Since 1893, 10 young men from Madison County have lived the dream dreamed of by many a young boy of playing major league baseball. Here are five of their stories.
Chauncey Burr Fisher was nicknamed “Whoa Bill.” He was born January 8, 1872, in Anderson, Indiana. Fisher was a right-handed pitcher who made his MLB debut on September 20, 1893, with the Cleveland Spiders of the National League playing at Cleveland’s League Park. He was plagued with various injuries and spent time with the Cincinnati Reds in 1894 and 1896. In 1897, he was with the National League Brooklyn Bridegrooms. He pitched for the Chicago White Sox 1900 championship team, which was the year before they became a major league baseball club.
In 1901, he returned to the major leagues and pitched a game for the New York Giants and St. Louis Cardinals where he finished his career July 6, 1901. His lifetime win-loss record was 21-16 with a 5.37 ERA, and 80 strikeouts.
Chauncey died April 27, 1939, in Los Angeles, California. He is buried in Maplewood Cemetery in Anderson, Indiana.
Jermaine Lamont Allensworth was born January 11, 1972, in Anderson. The Madison Heights High School graduate was the California Angels’ 15th selection and 422nd overall selection in the 1990 MLB draft, but he did not sign. Instead he attended Purdue University and was a Big Ten Conference All-Star in 1993.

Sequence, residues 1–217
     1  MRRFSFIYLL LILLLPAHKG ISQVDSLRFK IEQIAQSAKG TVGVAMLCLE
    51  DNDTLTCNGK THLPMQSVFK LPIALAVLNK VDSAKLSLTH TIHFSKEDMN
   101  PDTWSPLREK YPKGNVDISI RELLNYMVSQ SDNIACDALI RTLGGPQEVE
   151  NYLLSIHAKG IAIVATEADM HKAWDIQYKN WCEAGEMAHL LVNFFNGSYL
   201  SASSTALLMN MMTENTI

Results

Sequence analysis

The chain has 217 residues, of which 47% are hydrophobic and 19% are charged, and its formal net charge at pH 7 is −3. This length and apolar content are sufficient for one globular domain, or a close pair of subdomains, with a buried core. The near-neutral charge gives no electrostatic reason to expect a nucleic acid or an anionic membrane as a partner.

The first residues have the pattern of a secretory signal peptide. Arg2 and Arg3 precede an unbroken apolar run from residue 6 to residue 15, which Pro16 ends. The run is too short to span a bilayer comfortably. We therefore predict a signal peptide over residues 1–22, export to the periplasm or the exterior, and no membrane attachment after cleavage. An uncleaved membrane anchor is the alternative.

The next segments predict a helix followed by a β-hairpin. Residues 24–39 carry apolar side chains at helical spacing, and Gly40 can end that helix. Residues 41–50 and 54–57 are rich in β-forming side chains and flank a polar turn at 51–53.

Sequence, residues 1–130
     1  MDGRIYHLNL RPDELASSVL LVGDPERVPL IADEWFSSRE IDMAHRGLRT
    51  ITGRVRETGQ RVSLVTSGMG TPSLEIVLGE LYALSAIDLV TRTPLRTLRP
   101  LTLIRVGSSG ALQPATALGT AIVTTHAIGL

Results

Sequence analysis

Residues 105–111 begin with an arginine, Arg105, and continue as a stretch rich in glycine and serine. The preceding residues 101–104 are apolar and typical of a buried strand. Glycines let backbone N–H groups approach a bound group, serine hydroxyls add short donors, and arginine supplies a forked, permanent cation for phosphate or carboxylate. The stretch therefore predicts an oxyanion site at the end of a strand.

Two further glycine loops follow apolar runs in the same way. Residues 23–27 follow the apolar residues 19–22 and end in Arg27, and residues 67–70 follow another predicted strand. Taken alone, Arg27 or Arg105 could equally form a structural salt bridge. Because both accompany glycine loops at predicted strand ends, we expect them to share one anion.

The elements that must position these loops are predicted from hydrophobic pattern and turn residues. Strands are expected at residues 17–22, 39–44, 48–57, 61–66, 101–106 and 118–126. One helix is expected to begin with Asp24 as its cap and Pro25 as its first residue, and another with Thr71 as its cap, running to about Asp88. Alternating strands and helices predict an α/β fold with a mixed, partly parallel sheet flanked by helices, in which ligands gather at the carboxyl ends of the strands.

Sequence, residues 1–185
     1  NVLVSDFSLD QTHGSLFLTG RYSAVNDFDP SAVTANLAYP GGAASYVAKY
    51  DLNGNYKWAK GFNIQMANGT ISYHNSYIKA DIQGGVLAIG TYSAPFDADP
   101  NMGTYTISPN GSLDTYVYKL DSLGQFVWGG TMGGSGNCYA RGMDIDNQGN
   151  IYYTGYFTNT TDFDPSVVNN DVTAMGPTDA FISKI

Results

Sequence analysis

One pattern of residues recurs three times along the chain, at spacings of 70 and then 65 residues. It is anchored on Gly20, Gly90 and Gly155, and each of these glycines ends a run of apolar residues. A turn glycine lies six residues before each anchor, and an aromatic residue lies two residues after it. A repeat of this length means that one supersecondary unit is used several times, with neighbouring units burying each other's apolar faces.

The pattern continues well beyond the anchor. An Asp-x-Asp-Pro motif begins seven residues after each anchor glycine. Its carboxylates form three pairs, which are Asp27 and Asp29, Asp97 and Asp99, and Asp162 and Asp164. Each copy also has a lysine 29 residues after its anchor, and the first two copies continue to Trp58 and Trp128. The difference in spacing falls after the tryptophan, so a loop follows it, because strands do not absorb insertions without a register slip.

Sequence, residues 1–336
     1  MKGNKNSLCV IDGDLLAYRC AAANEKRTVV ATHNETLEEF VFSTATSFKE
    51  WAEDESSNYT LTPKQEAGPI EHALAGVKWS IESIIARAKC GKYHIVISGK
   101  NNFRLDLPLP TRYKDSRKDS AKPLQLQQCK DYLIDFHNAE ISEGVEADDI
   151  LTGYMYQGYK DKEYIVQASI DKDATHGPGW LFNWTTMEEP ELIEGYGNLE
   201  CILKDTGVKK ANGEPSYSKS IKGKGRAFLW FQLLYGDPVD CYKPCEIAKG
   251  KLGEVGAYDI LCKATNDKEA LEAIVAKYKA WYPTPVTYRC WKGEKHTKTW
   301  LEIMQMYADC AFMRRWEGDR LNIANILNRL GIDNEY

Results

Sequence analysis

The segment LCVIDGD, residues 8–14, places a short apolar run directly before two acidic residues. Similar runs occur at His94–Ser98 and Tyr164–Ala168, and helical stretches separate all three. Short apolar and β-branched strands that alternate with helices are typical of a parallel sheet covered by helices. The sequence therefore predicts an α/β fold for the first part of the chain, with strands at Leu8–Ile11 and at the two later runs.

That same year, he was drafted by the Pittsburgh Pirates, earning a salary of $109,000. He made his major league debut July 23, 1996. Playing in the outfield his entire career, he played two more seasons in Pittsburgh’s Three Rivers Stadium, appearing in 238 games before being traded to the Kansas City Royals in 1998, where he played in 30 games before being traded to the New York Mets. He finished the 1998 season playing in 34 games as a Met. Jermaine retired from baseball the next season on May 29, 1999 after appearing in 40 games earning a salary of $284,000. His MLB career batting average was .260 with 15 home runs, 114 RBIs, and 42 stolen bases.
Carl Daniel Erskine learned his pitching skills while growing up in Anderson, where he was born on December 13, 1926. The 1945 Anderson High School graduate signed with the Brooklyn Dodgers in 1946. The right-handed pitcher made his major league debut with the club on July 25, 1948, earning a salary of $5,000.
During his career, he pitched two no-hitters; one against the Chicago Cubs in 1952 and the other against the New York Giants in 1956. His 1955 Dodgers won the World Series. Erskine appeared in 11 World Series games during his career and made the National League All-Star team in 1954.
Known as “Ersk”, he played his career for the Brooklyn and Los Angeles Dodgers making his final appearance on June 14, 1959. In 12 seasons, his record was 122-78(.610) with 981 strikeouts and a 4.00 ERA in 1,718.2 innings pitched.